Alcohol Recovery Timeline: What to Expect When You Stop Drinking

Alcohol Recovery Timeline

Quitting drinking once and for all can be a big decision. Being addicted to alcohol can be a tough thing to admit. However, once you’ve acknowledged your addiction the next part of the process is actually quitting drinking entirely.

Below we highlight some of the benefits you’ll see when you quit drinking, and the general timeline of what you’ll experience as you withdraw and detox from alcohol.

Benefits of Quitting Drinking

Consuming high quantities of alcohol on a regular basis can lead to changes in both your body and brain. Some long-term risks of alcohol abuse include:

  • Increased cancer risk
  • Digestive and stomach problems
  • Heart problems and cardiovascular issues
  • Increased risk of stroke
  • Higher chance of depression and anxiety
  • Dementia and other degenerative disorders

Luckily, by quitting drinking you can actually reverse a lot of these symptoms and restore your health. Some of the benefits you’ll see when you stop drinking include.

  • Increases your body’s ability absorb crucial vitamins and minerals
  • Speed up and restore your metabolism, leading to increased fat loss
  • Higher levels of energy and an increase positive outlook
  • Lowered cancer risk and decreased levels of stress
  • Reduction of blood pressure and associated stoke and heart attack risks
  • A decrease in mental fogginess and increase in mental performance
  • Faster immune response and increased healing from injury and illness
  • And more…

The Alcohol Recovery Timeline

The alcohol recovery timeline you experience will be based upon how severe your level of alcoholism and how long you’ve been drinking. The alcohol withdrawal and recovery process is broken down into a few distinct phases, which we highlight below.

1. Acute Withdrawal

The acute withdrawal stage is the first challenge you’re going to go through. Some of the early withdrawal symptoms will kick in as soon as six hours after your last drink. These include:

  • Increased sweating and body temperature
  • Elevated blood pressure and heart rate
  • Tremors
  • Insomnia and anxiety

In some cases, these early withdrawal symptoms can lead to seizures, and a condition called delirium tremens. If you have an extreme case of alcoholism it’s recommended to seek out a treatment center that can help you detox in a safe and effective manner.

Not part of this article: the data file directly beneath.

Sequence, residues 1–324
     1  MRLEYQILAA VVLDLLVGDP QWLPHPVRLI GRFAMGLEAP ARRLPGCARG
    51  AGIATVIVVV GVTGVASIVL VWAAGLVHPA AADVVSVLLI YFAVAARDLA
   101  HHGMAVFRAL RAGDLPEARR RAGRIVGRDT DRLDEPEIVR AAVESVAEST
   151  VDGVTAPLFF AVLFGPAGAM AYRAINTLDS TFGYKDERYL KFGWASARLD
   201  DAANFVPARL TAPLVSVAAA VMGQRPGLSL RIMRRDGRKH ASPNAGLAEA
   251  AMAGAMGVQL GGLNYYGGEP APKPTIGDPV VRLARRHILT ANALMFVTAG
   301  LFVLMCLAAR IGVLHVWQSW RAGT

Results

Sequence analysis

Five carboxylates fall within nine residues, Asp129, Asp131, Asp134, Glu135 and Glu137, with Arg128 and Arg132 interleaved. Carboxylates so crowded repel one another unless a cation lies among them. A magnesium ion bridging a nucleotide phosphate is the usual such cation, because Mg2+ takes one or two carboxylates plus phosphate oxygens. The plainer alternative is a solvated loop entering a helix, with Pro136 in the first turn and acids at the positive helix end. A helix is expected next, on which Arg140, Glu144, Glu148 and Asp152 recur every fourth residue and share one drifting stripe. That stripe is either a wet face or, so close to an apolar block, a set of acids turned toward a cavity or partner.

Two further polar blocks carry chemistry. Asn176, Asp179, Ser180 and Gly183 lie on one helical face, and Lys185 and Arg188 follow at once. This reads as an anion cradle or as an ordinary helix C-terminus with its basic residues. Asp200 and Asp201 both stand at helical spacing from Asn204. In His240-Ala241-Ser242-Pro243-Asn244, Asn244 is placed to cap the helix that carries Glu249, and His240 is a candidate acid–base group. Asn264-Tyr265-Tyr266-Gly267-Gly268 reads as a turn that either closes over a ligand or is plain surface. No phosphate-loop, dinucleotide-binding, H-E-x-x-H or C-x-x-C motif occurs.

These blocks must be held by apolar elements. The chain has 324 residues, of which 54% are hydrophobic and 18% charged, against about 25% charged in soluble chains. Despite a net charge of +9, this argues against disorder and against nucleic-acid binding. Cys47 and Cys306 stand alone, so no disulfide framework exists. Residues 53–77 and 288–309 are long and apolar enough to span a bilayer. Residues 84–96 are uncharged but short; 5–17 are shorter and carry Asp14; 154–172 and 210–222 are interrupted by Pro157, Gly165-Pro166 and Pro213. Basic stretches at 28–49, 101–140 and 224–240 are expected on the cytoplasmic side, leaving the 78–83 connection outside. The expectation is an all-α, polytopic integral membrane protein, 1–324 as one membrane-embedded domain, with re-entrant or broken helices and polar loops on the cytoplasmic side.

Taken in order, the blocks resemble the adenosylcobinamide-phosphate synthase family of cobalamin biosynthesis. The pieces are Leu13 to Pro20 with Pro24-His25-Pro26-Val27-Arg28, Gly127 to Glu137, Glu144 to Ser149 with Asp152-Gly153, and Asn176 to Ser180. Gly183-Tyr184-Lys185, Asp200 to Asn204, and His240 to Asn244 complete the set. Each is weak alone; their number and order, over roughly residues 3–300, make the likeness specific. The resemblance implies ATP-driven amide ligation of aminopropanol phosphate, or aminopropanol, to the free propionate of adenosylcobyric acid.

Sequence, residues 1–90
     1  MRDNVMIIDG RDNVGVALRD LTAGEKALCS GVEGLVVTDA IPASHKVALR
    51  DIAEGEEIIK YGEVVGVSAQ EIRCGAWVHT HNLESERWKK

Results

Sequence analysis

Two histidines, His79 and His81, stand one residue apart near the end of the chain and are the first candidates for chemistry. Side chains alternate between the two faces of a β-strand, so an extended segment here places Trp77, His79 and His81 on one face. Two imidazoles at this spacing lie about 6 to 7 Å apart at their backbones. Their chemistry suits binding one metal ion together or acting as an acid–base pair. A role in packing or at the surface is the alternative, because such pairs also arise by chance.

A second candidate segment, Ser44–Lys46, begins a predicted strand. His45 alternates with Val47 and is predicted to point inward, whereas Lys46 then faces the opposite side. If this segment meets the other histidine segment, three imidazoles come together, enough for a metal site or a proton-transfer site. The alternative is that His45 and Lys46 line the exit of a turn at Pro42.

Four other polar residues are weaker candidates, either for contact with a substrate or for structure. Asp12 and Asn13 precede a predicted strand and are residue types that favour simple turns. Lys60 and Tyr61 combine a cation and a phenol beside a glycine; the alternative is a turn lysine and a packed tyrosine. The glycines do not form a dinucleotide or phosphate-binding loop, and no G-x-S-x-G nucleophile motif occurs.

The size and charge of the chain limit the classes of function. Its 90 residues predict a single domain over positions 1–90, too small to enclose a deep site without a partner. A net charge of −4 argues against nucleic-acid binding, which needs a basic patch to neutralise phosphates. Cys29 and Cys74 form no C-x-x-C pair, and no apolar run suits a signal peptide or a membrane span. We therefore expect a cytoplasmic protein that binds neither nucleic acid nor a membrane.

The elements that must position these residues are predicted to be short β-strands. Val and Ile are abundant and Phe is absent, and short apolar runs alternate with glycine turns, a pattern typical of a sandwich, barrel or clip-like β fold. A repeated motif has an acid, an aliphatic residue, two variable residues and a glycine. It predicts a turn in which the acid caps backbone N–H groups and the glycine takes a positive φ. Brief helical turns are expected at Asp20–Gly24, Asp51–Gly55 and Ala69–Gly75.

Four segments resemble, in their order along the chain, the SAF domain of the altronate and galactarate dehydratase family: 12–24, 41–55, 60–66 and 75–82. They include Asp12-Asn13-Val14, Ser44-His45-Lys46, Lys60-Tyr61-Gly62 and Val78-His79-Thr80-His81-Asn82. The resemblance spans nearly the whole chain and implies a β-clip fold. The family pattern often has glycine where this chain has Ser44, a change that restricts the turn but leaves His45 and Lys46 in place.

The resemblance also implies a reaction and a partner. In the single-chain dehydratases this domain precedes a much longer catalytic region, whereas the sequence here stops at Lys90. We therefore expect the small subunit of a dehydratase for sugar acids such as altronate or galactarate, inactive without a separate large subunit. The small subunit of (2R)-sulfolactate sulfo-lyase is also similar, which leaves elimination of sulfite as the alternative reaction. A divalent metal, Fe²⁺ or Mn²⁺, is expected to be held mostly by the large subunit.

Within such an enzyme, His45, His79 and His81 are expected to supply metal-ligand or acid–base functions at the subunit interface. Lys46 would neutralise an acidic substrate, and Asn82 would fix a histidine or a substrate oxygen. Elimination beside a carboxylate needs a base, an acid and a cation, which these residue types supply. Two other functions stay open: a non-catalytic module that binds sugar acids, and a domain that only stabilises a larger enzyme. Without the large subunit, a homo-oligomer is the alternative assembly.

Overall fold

2. Post-Acute Withdrawal

A full detox can take up to two weeks. After the initial alcohol detox withdrawal, you’ve gotten past one of the hardest phases of the detox. During this phase, it’s common for the psychological effects of not drinking to become more pronounced. Some of the common symptoms felt during this time include:

  • Decreased energy
  • Feelings of anger and aggression
  • General anxiety and depression
  • Difficult sleeping or nightmares
  • Decreased libido

You may also feel cravings for alcohol. This is because it takes a while for your brain’s chemistry to re-balance. These symptoms will last for a few weeks, up to an entire year, depending on the severity of your addiction.

During this time, it can be helpful to seek out counseling to help ease your transition, and treat any underlying conditions that may be causing your alcoholism.

3. One Month Onwards

Once you’ve made it a month without drinking you may experience a newfound sense of life. You’ll have made it through most of the unpleasantness of detox and will start to see your energy levels rise, and a lot of the negative effects start to dissipate.

During this stage, it’s recommended to start up new healthy habits, and mend any old relationship wounds that might have been caused by drinking.

4. Life Without Alcohol

Transition into a life without alcohol can be tough. When you’re recovering from a prolonged period of drinking your body goes through a process of re-balancing. Your body and mind have to go through this regulation process where you’re returning to your natural balanced chemistry.

The road to lifelong recovery has many twists and turns, but by working with a treatment center that provides counseling you’ll be able to instill healthy habits and lifestyle support that’ll prevent you from relapsing.

You’ll be able to see that the long-term benefits of not drinking will greatly outweigh the costs of consuming alcohol. Get in touch with our team today if you have any questions about the alcohol recovery timeline, or would like to begin treatment.

 

Alcohol Recovery Timeline: What to Expect When You Stop Drinking
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